As Biden preps $3T stimulus, Bitcoin could be set to erupt

 

The incoming Biden administration’s plan to flood the U.S. economy with trillions of dollars could ignite the next leg of the Bitcoin (BTC) bull market, as more investors seek refuge from a crumbling United States dollar.

Axios, an Arlington-based news outlet, reported Thursday that Joe Biden has asked Congress to provide Americans with $2,000 in stimulus payments to help offset the economic devastation of Covid-19. The incoming president has also proposed a $3 trillion tax and infrastructure package as part of his “Build Back Better” program.

Biden doubled down on his call for more direct relief to Americans following Friday’s disappointing jobs report showing a loss of 140,000 positions in December.

He said:

“Economic research confirms that with conditions like the crisis today, especially with such low interest rates, taking immediate action – even with deficit financing – is going to help the economy”

If 2020 is anything to go by, the new tidal wave of stimulus could be another catalyst for Bitcoin as more money floods the market and makes its way into asset prices.

Even Donald Trump, a Republican, was no stranger to stimulus. Under his leadership, the United States passed a historic $2 trillion stimulus bill in March. Trump also signed a $900 billion relief package last month that would pave the wave for $600 stimulus checks.

The federal government’s inflation-boosting policies have coincided with record intervention from the Federal Reserve, which deployed trillions of dollars in 2020 to combat a liquidity crisis and keep overnight rates under control.

The Federal Reserve’s balance sheet has exploded this year. 

Although these policies provided a strong backstop for risk-on assets – a category that has included Bitcoin in the past – the emerging narrative surrounding BTC is that it’s a hedge against inflation.

This is not only corroborated by Bitcoin’s historic outperformance over the past 11 years but also by the fresh wave of institutional money entering the market. Institutions are buying Bitcoin with a clear purpose, and may one day become the industry’s “mega HODLers.”

Bitcoin’s digital gold narrative has been one of the biggest catalysts behind the institutional shift towards BTC. This narrative helped fuel Bitcoin’s 300% rally in 2020 and its more than doubling in price over the past three weeks. This trend could intensify in 2021 as the dollar’s purchasing power continues to erode.

Even JPMorgan Chase has acknowledged that Bitcoin is taking market share from gold, the traditional haven asset. On Friday, one Bitcoin was worth more than 22 ounces of gold, which represents a new all-time high.

As Biden preps $3T stimulus, Bitcoin could be set to erupt 1
Gold vs. BTC

 

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Crypto payments set for mainstream via compliance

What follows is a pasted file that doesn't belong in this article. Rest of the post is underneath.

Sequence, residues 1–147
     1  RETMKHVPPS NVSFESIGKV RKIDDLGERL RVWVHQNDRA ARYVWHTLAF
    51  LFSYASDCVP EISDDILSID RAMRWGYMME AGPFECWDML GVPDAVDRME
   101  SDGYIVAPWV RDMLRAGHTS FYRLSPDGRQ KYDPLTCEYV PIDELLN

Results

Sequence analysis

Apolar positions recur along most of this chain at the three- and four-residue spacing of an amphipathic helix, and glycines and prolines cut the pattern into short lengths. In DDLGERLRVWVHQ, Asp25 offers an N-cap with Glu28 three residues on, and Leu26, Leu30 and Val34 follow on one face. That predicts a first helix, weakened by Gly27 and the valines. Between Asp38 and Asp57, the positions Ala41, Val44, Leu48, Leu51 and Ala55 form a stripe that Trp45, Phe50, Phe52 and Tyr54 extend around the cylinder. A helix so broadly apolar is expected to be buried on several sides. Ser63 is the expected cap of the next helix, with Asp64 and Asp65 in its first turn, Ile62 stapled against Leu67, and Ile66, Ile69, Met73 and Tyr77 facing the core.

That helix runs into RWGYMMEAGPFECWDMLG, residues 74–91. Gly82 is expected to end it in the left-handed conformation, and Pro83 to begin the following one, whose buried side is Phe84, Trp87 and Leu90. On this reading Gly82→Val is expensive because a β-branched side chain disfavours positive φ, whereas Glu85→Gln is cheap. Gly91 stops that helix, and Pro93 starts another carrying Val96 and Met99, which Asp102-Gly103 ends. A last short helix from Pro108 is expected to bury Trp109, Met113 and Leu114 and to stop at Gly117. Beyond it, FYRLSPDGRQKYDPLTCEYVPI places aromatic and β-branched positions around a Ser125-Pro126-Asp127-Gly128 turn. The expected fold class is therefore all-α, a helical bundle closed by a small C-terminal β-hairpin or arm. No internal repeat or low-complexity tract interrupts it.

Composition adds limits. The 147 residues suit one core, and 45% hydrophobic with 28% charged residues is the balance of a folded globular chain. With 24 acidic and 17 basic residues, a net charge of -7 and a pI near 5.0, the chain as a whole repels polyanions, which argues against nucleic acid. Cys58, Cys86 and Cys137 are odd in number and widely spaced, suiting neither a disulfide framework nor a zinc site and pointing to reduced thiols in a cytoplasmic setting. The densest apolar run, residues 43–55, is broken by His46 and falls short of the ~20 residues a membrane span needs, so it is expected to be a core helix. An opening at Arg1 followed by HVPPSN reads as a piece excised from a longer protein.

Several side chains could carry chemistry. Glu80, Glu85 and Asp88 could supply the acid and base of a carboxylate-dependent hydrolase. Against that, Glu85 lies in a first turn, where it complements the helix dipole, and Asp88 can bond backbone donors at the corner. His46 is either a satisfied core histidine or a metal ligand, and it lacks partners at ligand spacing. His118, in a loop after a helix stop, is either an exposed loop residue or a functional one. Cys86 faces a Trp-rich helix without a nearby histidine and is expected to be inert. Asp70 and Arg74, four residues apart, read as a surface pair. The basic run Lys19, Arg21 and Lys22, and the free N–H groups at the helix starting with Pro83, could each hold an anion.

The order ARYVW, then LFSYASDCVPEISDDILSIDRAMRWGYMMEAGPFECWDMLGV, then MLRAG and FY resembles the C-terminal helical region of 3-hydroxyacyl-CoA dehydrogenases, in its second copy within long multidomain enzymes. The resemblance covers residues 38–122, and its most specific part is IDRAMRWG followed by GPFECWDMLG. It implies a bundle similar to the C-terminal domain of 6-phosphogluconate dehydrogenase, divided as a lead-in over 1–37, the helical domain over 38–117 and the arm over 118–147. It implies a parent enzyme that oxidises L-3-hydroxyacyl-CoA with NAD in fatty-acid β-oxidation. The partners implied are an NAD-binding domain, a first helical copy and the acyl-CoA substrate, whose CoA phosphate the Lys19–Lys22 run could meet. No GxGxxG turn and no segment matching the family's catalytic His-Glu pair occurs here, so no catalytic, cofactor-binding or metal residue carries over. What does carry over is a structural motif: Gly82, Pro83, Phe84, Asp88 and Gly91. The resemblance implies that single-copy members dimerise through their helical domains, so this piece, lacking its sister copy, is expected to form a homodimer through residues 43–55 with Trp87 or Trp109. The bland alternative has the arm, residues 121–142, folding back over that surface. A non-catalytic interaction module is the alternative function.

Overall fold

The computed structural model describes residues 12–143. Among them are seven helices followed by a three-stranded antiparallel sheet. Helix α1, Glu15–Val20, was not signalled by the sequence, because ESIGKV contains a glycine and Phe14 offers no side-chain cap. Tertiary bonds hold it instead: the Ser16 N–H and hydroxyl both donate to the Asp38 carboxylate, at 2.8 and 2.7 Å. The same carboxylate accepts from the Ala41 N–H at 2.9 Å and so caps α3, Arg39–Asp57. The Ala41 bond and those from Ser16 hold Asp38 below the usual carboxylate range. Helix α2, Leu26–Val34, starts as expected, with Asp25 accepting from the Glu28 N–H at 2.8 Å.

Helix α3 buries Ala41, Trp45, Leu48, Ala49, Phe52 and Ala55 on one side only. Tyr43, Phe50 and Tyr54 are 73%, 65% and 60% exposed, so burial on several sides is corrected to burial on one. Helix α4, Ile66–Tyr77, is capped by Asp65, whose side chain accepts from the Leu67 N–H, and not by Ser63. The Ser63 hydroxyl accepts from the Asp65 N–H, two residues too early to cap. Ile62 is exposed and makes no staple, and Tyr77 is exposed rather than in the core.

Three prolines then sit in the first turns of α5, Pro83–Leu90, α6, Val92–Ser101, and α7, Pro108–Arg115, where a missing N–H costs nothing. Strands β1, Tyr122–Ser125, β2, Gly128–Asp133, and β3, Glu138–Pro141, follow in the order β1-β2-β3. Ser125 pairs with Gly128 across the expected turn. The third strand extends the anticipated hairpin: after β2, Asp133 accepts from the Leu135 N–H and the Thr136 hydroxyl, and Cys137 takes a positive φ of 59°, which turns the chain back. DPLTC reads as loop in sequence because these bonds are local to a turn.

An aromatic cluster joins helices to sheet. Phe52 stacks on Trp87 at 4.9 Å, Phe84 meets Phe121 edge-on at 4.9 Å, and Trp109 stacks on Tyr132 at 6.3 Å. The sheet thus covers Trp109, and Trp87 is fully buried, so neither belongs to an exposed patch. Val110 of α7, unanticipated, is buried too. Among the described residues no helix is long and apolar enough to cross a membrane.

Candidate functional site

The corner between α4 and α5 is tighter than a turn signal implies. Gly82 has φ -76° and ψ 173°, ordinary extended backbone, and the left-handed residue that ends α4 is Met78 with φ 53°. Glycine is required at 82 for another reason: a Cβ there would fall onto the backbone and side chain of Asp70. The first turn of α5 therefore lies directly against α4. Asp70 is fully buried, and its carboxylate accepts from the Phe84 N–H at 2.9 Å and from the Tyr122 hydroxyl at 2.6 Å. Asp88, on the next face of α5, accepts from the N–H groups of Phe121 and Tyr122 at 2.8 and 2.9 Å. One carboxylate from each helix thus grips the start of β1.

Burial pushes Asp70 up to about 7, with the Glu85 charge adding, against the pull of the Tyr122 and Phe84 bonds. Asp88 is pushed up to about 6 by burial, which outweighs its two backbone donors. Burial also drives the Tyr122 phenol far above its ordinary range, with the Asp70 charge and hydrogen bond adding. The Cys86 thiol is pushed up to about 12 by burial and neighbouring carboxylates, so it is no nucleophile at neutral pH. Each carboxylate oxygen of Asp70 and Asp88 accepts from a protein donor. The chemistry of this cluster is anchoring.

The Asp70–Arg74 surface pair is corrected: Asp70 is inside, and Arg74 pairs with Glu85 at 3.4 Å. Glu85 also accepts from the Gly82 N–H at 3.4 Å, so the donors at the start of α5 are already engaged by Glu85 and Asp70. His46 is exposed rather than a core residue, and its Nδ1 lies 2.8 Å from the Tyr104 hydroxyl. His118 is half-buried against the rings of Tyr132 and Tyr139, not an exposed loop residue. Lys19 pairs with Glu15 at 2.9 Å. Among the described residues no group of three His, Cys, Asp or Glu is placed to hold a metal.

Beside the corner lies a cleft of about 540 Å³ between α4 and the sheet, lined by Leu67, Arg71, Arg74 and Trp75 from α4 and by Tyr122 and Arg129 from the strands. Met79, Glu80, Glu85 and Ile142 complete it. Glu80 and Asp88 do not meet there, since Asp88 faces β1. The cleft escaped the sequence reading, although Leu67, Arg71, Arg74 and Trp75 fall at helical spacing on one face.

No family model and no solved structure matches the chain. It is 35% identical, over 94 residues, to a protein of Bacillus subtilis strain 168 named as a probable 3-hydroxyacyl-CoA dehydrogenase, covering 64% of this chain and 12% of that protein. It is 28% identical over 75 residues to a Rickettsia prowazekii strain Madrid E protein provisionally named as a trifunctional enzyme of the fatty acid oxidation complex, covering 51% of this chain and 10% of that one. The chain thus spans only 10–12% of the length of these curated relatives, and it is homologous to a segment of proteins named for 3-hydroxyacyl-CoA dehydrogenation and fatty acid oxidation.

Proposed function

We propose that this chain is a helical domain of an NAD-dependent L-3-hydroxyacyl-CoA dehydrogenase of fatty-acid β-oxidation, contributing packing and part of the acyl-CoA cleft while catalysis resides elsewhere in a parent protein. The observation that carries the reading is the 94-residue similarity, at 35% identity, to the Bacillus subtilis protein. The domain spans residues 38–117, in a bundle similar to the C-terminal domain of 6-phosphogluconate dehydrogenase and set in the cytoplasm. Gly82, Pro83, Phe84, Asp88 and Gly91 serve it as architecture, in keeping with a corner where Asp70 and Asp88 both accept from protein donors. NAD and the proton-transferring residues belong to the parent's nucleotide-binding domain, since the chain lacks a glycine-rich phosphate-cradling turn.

Mainstream interest for cryptocurrency is becoming ever-apparent as major online payment systems such as PayPal begin to offer support for digital currencies. While a revolutionary step for both the crypto and traditional finance spaces, meeting regulatory requirements is crucial in order for such companies to support cryptocurrencies.

This year, PayPal secured the first conditional cryptocurrency license from the New York State Department of Financial Services, allowing for the purchase of Bitcoin (BTC), Ether (ETH), Bitcoin Cash (BCH) and Litecoin (LTC).

On the surface, it would appear that PayPal has undergone the basic requirements to support digital currencies. However, what’s really notable is that to ensure delivery of its cryptocurrency service, PayPal, a company with a market capitalization valued at over $127.58 billion as of December 2019, chose to partner with Paxos, a regulated financial institution specializing in digital assets.

Bob Reid, CEO and co-founder of Everest, a fintech company providing regulatory compliance for financial institutions, told Cointelegraph that it’s impressive for a company as large as PayPal to have partnered with Paxos. “PayPal looked at implementing digital currencies and decided they needed to partner with a digital asset company in order to do so,” he said. Moving forward, Reid believes that PayPal will eventually need to partner with a cold-storage crypto custodian, adding:

“I think we will start seeing lots of traditional players like banks and major payment providers partner with crypto custodians. PayPal will be the first and then more banks and financial institutions will follow.”

As another example of the crypto and traditional sectors cooperating, Everest recently collaborated with BRI Remittance, a subsidiary of one of Indonesia’s largest banks, to provide users with a blockchain-based platform allowing Indonesians and Europeans to easily exchange value across international borders. Reid further shared that the company is now also working with the Bank of Papua New Guinea.